SERAP, to my knowl­edge, more than any other groups, has dragged govern­ment at all lev­els to court in or­der to en­force bet­ter gover­nance. Take for in­stance the or­gan­i­sa­tion’s law­suit ask­ing state Houses of As­sem­bly that have passed life pen­sion laws for their ex­gov­er­nors and their deputies to ab­ro­gate such laws. This is to pro­mote pub­lic good and is highly com­mend­able. Budgit, through the use of in­fo­graphic, has over the years been break­ing fed­eral and state govern­ment bud­gets down for easy as­sim­i­la­tion by the pub­lic. CSJ like CODE has been in­volved in bud­get anal­y­sis and track­ing of im­ple­men­ta­tion of govern­ment projects.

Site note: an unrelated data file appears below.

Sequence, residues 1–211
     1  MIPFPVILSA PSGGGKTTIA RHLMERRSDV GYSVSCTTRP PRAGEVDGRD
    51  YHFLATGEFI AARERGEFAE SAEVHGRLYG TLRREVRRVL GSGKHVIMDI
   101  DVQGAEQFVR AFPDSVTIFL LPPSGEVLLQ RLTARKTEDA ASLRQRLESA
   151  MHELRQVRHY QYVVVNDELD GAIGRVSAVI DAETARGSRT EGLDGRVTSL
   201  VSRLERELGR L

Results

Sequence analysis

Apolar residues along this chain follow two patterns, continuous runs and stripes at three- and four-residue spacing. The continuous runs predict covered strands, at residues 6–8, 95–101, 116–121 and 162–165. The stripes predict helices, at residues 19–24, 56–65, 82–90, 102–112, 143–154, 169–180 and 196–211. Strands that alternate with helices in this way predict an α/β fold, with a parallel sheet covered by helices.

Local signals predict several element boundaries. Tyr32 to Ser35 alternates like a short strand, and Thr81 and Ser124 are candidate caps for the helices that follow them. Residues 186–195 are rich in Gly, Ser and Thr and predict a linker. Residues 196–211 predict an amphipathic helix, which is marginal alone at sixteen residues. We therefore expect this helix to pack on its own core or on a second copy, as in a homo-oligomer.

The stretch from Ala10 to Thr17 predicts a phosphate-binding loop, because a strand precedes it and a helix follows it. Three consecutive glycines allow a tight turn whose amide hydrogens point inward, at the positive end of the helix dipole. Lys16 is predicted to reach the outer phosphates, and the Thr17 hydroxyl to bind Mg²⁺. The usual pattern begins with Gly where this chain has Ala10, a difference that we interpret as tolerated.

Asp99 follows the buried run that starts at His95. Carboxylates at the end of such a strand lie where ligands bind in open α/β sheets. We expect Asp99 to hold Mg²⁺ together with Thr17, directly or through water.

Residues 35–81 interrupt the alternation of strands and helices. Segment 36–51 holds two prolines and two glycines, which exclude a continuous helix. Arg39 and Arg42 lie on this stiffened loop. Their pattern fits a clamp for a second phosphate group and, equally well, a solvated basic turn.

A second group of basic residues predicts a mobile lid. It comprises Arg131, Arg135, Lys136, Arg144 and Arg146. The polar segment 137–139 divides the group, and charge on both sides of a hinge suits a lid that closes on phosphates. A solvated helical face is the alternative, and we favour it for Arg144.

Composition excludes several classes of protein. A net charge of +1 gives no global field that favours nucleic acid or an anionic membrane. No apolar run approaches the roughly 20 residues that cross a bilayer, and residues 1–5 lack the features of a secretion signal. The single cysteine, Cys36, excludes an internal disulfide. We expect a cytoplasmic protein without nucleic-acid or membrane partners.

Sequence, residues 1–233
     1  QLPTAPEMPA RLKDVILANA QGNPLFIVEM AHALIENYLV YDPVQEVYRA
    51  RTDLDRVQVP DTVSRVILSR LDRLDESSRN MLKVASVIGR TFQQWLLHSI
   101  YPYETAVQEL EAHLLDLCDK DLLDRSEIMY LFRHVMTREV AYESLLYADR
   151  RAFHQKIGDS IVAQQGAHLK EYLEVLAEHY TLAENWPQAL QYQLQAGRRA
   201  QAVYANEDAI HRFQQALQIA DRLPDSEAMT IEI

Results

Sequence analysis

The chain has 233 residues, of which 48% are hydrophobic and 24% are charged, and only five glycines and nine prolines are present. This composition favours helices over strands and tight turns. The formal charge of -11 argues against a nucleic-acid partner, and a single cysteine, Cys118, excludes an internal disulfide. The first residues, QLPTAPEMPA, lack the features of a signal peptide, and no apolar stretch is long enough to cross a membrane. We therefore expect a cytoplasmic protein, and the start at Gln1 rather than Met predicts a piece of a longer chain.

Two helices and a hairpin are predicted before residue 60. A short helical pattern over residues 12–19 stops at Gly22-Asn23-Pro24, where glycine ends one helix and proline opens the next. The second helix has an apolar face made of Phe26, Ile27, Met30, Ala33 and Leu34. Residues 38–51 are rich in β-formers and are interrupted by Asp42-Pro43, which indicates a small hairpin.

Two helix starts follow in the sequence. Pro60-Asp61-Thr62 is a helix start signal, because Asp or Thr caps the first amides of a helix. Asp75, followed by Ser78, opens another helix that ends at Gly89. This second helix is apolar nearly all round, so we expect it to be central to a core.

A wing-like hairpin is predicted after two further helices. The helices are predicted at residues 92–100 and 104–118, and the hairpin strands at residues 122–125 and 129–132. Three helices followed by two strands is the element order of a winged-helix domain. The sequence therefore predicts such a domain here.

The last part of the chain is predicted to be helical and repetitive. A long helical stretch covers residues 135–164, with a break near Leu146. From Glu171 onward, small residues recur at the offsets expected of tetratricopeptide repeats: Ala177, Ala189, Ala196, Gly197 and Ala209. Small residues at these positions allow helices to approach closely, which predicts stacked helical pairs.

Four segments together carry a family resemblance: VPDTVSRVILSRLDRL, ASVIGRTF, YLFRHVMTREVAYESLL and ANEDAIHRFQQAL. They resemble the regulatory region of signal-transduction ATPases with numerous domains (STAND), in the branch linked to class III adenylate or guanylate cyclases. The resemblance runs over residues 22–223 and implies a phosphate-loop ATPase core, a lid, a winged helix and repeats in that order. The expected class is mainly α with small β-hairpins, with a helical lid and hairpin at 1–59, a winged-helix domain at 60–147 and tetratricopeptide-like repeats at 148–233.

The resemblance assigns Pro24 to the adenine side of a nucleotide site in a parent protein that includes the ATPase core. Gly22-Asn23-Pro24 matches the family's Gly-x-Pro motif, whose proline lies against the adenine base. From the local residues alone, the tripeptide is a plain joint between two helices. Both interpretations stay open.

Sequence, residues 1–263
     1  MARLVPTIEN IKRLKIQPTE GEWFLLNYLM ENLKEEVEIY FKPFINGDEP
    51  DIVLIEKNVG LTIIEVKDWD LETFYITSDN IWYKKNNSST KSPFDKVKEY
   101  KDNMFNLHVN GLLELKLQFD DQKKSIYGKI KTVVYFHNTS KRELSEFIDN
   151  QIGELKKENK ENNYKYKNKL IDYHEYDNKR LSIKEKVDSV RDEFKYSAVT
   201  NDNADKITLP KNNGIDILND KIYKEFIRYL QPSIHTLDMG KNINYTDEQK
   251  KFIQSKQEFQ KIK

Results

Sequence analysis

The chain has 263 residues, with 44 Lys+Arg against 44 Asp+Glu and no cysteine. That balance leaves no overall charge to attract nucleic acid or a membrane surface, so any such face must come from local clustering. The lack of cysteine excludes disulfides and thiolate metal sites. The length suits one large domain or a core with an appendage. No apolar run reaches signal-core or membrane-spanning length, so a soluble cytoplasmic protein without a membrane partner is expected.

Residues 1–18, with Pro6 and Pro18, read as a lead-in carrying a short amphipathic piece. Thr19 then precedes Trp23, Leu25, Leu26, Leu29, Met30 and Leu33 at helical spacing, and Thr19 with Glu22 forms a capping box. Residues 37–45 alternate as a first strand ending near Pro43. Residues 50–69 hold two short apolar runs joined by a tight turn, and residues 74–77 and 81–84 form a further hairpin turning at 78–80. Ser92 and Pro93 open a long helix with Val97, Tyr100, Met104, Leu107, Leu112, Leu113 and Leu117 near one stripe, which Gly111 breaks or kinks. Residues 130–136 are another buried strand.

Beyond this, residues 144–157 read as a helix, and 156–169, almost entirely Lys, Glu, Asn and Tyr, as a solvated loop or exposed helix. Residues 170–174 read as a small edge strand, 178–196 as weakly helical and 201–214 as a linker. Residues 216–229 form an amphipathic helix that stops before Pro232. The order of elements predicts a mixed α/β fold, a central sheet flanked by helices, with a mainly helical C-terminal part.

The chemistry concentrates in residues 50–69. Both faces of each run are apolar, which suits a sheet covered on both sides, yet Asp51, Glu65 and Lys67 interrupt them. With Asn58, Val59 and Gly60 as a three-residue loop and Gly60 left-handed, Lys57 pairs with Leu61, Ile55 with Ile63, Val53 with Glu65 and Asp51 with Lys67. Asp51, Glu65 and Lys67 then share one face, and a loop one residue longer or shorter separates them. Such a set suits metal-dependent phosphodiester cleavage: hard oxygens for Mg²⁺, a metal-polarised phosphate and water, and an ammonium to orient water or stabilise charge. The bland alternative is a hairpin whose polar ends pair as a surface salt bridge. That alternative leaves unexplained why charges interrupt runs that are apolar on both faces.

Quite un­for­tu­nately, while try­ing to pro­mote the pub­lic good, some of the lead­ers of the civil so­ci­ety have suf­fered mo­lesta­tion, ha­rass­ment, frame-up, de­ten­tion with­out tri­als and jail terms. I re­call vividly how the CSOS lead­ing lights like Ab­dul Oroh, Shehu Sani, Ayo Obe, Chima Ubani, Dr. Joe Okei-odu­makin, Uche Wis­dom Du­rueke, Abio­dun Aremu, Uche Onyeogocha, Isa Aremu, in­cum­bent gov­er­nor of Ek­iti State, Dr. Kay­ode Fayemi and many oth­ers were hounded into ex­ile, de­ten­tion, jail or death in the course of their fight for the dis­an­nul­ment of the June 12, 1993 pres­i­den­tial elec­tion and ad­vo­cacy for the re­turn to civil rule from the mil­i­tary. Th­ese CSO ac­tivists who op­er­ated un­der plat­forms such as the Cam­paign for Democ­racy, Com­mit­tee for the De­fence of Hu­man Rights, Civil Lib­er­ties Or­gan­i­sa­tion, and Na­tional Demo­cratic Coali­tion suf­fered in­cal­cu­la­ble per­sonal looses while try­ing to pro­tect hu­man rights. It is note­wor­thy that in the course of pro­vid­ing suc­cour to the IDPS in the North-east Nige­ria, Boko Haram in­sur­gents have ab­ducted and mur­dered some of the aid work­ers.